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Juneteenth Freedom Festival celebrated in Poe Park

Paintings, artwork, and traditional African clothing will be on display at booths across the park.

News 12 Staff

Jun 17, 2023, 5:27 PM

Updated 370 days ago


The National Ghana Parade Council is holding a Juneteenth Freedom Festival in Poe Park on Saturday.
Paintings, artwork, and traditional African clothing will be on display at booths across the park. Music, storytelling, and the display of traditional pieces are all part of the day of commemoration for the national holiday.
Organizers say that while it is a day of celebrating their freedom, issues like mass incarceration show that African people still are not free today.
Today's festival aims to bring some current issues to light while celebrating the anniversary of the freeing of slaves, all while bringing a taste of Africa to the Bronx. The event kicks off at 2 p.m. and will go until 6 p.m.
Juneteenth celebrations began with enslaved people in Galveston, Texas. Although President Abraham Lincoln’s Emancipation Proclamation freed the slaves in 1863, it could not be enforced in many places in the South until the Civil War ended in 1865.
News that the war had ended and that slaves were free finally reached Galveston when Union Maj. Gen. Gordon Granger and his troops arrived in the Gulf Coast city on June 19, 1865, more than two months after Confederate Gen. Robert E. Lee surrendered to Union Gen. Ulysses S. Grant in Virginia.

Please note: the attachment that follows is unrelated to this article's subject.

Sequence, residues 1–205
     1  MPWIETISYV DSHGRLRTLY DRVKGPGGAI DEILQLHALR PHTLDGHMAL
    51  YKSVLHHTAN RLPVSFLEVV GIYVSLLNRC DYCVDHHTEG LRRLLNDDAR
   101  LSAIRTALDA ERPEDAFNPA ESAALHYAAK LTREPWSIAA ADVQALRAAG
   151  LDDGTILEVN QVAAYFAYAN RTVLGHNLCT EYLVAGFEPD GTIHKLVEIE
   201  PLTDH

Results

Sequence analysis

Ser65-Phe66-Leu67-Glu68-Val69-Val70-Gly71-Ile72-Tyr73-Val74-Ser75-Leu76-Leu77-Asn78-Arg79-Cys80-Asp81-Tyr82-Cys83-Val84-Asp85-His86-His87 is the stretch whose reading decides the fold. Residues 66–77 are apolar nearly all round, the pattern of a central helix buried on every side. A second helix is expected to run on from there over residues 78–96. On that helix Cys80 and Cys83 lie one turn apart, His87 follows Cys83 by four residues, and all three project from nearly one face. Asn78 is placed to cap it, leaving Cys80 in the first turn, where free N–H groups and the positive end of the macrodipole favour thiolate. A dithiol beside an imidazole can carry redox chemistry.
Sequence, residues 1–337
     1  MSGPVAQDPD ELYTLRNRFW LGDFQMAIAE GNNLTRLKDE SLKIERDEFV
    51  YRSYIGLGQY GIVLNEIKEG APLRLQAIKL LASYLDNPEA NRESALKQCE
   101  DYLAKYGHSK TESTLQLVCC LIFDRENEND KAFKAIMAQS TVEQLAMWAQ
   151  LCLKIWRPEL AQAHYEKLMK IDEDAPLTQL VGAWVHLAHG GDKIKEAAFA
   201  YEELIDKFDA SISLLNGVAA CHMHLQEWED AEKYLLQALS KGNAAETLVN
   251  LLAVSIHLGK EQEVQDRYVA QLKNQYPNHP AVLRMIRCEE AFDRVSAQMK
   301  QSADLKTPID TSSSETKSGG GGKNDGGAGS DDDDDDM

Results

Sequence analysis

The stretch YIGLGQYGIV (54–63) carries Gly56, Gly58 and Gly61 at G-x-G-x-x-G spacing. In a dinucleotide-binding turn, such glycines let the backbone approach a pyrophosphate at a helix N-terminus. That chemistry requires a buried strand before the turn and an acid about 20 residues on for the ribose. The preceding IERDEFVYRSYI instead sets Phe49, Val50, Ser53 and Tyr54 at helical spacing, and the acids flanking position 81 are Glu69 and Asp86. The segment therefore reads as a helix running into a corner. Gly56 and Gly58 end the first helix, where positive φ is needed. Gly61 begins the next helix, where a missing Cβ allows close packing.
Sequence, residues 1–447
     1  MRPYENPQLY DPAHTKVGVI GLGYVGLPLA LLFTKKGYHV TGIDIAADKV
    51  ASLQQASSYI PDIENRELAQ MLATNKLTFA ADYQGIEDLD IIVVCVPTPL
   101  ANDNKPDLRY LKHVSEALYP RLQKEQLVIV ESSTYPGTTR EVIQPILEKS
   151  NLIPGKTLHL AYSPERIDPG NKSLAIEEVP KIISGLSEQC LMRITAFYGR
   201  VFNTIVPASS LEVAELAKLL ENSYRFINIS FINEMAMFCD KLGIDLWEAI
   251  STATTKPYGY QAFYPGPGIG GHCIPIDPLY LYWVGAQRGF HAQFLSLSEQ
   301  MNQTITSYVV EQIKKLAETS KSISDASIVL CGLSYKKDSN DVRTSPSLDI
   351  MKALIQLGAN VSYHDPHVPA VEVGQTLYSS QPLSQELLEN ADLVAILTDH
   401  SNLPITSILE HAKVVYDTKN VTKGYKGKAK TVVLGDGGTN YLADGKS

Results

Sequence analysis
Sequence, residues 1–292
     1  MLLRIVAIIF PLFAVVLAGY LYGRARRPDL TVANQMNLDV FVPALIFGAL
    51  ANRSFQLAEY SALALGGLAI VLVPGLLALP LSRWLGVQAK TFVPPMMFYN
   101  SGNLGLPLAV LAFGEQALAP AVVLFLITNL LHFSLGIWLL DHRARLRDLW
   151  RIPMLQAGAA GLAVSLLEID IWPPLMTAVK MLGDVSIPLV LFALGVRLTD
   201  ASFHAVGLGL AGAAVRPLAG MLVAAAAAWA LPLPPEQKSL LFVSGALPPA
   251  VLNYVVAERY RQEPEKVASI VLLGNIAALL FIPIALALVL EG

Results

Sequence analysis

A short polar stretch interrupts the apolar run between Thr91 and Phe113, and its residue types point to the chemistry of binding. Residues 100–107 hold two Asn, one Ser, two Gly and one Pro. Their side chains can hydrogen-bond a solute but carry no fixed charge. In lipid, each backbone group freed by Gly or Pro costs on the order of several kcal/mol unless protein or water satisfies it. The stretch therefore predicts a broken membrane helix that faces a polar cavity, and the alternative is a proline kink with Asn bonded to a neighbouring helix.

Granger delivered General Order No. 3, which said: “The people of Texas are informed that, in accordance with a proclamation from the Executive of the United States, all slaves are free. This involves an absolute equality of personal rights and rights of property between former masters and slaves, and the connection heretofore existing between them becomes that between employer and hired labor.”
Slavery was permanently abolished six months later, when Georgia ratified the 13th Amendment. And the next year, the now-free people of Galveston started celebrating Juneteenth, an observance that has continued and spread around the world. Events include concerts, parades and readings of the Emancipation Proclamation.
AP Wire Services contributed to this report.

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